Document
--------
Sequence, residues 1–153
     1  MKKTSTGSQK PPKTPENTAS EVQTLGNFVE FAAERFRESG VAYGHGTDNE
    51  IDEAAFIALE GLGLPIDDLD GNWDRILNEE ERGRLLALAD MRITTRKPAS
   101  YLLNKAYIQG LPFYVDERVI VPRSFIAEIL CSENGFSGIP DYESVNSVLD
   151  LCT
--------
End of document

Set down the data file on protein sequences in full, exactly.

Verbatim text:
Sequence, residues 1–153
     1  MKKTSTGSQK PPKTPENTAS EVQTLGNFVE FAAERFRESG VAYGHGTDNE
    51  IDEAAFIALE GLGLPIDDLD GNWDRILNEE ERGRLLALAD MRITTRKPAS
   101  YLLNKAYIQG LPFYVDERVI VPRSFIAEIL CSENGFSGIP DYESVNSVLD
   151  LCT